Uthman Badar of Hizb ut-Tahrir Australia once said:

“Insulting another person’s beliefs does not encourage them to think. Instead, it makes them more entrenched, defensive and prepared to retaliate – that’s human nature.”

– Well Uthman, threatening to murder people if they no longer believe exactly as you do, also doesn’t encourage much thinking. Incidentally, I wrote on Uthman Badar’s demand to “protect” beliefs from offence here. It’s an odd demand from a group whose draft constitution is offensive to absolutely everyone other than Muslim men.

Al-Nabhani doesn’t mention the punishment for homosexuality, but if Hizb ut-Tahrir’s African sect is anything to go by, I’m pretty sure gay people – alongside women, apostates, and non-Muslims – may be on the receiving end of Islamist 7th century ‘divine justice’:

“Homosexuality is an Evil that Destroys Societies!”

– Ironic claim from Islamists. When gay people were under vicious abuse in Likoni, Hizb ut-Tahrir objected to their protection, encouraging violent attacks:

“Moreover, the action of the police in rescuing homosexuals is further evidence that the government has no intention to preventing such evils since this is not the first time for the police to protect sodomites and lesbians.”

– Of course, they justify attacking and abusing other human beings, with religious myths. To these people, if you happen to be gay, your right to be alive is negated by members of Hizb ut-Tahrir believing certain ancient myths. What hideous poison, and an obvious indication of the exact reason religion must not be allowed the power of state ever again. It is clear that disenfranchising all those who may pose a threat to an established order of tyranny, is a wonderful way to tighten a grip on power. It is therefore no surprise that al-Nabhani’s draft constitution is anti-liberty, and anti-human at its very core.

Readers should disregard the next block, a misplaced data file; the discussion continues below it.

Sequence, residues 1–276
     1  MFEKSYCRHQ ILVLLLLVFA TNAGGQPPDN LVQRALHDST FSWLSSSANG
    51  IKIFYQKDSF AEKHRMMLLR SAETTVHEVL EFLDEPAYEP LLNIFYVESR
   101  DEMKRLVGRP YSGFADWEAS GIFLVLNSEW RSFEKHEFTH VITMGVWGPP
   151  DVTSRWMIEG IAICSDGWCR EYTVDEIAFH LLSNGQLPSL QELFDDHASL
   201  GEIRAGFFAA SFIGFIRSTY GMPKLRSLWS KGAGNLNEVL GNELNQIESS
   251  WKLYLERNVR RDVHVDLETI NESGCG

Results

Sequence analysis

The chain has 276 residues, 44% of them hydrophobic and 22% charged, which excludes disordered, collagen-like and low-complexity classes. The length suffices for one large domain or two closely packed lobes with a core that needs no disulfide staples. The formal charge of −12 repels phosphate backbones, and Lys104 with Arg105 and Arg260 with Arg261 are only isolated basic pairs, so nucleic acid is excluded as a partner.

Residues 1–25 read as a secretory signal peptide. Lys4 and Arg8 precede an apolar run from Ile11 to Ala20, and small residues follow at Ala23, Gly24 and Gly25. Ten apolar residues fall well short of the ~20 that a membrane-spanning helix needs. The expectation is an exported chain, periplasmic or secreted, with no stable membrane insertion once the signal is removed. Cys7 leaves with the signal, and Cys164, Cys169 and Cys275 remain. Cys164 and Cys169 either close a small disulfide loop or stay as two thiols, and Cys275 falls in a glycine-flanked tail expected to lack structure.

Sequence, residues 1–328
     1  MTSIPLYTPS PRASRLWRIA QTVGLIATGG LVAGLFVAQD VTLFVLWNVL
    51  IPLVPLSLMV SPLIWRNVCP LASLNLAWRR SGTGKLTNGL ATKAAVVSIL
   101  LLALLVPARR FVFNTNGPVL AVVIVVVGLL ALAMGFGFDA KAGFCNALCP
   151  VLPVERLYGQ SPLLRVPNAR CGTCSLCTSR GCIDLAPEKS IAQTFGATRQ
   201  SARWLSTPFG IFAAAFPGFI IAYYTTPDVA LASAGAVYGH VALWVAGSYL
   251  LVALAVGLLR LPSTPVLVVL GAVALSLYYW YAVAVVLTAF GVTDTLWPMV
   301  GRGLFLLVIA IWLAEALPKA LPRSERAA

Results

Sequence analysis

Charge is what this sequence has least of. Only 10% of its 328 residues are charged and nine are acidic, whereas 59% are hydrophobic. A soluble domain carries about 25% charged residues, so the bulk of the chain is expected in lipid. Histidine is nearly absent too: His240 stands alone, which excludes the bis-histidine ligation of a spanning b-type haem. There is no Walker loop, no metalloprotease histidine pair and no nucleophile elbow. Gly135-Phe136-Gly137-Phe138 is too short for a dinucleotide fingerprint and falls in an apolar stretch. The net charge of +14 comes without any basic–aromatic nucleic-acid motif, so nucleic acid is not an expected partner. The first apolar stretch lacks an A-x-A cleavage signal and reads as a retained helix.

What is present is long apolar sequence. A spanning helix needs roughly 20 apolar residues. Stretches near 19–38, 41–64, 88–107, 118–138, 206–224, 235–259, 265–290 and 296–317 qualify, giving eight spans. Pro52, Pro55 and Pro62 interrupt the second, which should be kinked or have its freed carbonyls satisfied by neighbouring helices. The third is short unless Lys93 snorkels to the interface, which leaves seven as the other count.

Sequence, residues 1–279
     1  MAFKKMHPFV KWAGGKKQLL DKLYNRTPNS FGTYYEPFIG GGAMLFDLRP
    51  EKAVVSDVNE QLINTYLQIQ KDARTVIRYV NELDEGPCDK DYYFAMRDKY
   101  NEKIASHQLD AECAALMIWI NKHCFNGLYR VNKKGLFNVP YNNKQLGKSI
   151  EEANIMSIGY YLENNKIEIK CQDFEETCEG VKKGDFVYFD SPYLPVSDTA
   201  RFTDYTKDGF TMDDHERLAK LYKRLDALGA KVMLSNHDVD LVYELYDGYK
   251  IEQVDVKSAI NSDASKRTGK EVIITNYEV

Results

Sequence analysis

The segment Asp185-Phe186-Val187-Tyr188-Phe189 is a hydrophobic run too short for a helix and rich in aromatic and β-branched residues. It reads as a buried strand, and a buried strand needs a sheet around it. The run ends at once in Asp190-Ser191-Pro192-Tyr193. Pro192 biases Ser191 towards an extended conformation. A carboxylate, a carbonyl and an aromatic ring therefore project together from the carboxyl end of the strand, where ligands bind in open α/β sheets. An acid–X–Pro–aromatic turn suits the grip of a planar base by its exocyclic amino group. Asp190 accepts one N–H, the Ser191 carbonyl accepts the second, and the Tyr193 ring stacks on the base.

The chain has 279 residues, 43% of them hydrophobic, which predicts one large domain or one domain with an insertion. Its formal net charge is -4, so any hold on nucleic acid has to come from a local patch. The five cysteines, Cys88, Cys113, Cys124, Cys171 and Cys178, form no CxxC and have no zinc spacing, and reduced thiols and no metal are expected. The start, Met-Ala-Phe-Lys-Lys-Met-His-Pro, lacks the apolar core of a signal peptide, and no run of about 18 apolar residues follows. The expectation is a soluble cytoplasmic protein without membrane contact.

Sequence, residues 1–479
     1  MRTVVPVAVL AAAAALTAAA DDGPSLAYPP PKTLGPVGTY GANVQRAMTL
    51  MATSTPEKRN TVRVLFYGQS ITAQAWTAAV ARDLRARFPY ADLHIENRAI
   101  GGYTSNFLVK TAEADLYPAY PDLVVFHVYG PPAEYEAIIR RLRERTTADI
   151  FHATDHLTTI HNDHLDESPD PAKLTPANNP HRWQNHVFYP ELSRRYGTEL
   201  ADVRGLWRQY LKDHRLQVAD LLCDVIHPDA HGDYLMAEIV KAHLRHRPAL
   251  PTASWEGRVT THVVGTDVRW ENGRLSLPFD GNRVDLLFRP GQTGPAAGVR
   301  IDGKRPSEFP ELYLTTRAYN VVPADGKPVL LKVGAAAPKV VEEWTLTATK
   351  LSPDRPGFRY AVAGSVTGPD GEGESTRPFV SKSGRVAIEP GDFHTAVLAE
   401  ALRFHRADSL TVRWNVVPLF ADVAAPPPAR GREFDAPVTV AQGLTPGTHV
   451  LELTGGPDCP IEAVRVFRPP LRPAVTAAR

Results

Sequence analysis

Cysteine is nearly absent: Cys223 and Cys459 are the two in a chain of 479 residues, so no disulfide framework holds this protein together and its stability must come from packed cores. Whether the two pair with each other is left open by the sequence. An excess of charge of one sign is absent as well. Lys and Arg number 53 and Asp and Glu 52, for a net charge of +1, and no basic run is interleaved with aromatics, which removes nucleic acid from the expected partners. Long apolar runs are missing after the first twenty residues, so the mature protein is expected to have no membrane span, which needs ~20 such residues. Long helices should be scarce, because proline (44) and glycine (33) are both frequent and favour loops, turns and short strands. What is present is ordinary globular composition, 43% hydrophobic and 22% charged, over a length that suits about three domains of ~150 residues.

In the original paragraph posted at the beginning of this article, we see the insistance that the ‘vulnerable protected’ in a Hizb state. The word ‘vulnerable’ is subjective depending on the society. In an al-Nabhani state, the most vulnerable are quite clearly apostates, non-believers, women, and gay people. In Likoni, Hizb ut-Tahrir fully endorsed physically harming vulnerable people. By reducing their civil rights, dehumanising them, forcing them to pay for this grotesque state of oppression, Hizb ut-Tahrir do not ‘protect’ vulnerable people, on the contrary, they create vulnerable people and then abuse them. This is then presented as some sort of harmonious society. It is a state of fear and nothing more.

Of course, no Islamist can go very long without declaring all out war on Israel. Al-Nabhani goes further, and enshrines war and a war mentality into the draft constitution:

“With states that are actually belligerent states, such as Israel, a state of war must be taken as the basis for all dispositions with them. They must be dealt with as if a real war existed between us, whether during cease fire or other wise. All citizen of such states are prevented from entering the State.

– One can only presume that this is an extension of al-Nabhani’s belief that the entire region belongs to Islam; a bewildering claim on land, that echoes that of the Israeli far right perfectly. To the rest of us, land belongs to all those who live on it, not to a faith.